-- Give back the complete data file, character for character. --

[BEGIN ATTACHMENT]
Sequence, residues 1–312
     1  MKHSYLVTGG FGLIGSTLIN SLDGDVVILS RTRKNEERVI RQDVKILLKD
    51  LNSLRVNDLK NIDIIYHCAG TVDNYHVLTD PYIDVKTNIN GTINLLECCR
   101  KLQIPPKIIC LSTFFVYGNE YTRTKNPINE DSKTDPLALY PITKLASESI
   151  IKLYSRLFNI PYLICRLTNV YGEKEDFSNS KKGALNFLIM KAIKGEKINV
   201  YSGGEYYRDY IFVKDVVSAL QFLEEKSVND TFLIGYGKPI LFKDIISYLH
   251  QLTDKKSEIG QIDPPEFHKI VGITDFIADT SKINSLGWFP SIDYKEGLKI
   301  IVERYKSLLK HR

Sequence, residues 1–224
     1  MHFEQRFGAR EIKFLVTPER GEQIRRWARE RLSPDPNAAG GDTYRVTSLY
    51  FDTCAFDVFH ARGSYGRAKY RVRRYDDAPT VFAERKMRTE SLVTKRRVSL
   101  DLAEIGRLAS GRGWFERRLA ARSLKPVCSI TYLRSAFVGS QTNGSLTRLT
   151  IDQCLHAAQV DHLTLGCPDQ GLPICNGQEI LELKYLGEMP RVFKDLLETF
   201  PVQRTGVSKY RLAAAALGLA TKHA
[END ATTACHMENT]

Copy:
Sequence, residues 1–312
     1  MKHSYLVTGG FGLIGSTLIN SLDGDVVILS RTRKNEERVI RQDVKILLKD
    51  LNSLRVNDLK NIDIIYHCAG TVDNYHVLTD PYIDVKTNIN GTINLLECCR
   101  KLQIPPKIIC LSTFFVYGNE YTRTKNPINE DSKTDPLALY PITKLASESI
   151  IKLYSRLFNI PYLICRLTNV YGEKEDFSNS KKGALNFLIM KAIKGEKINV
   201  YSGGEYYRDY IFVKDVVSAL QFLEEKSVND TFLIGYGKPI LFKDIISYLH
   251  QLTDKKSEIG QIDPPEFHKI VGITDFIADT SKINSLGWFP SIDYKEGLKI
   301  IVERYKSLLK HR

Sequence, residues 1–224
     1  MHFEQRFGAR EIKFLVTPER GEQIRRWARE RLSPDPNAAG GDTYRVTSLY
    51  FDTCAFDVFH ARGSYGRAKY RVRRYDDAPT VFAERKMRTE SLVTKRRVSL
   101  DLAEIGRLAS GRGWFERRLA ARSLKPVCSI TYLRSAFVGS QTNGSLTRLT
   151  IDQCLHAAQV DHLTLGCPDQ GLPICNGQEI LELKYLGEMP RVFKDLLETF
   201  PVQRTGVSKY RLAAAALGLA TKHA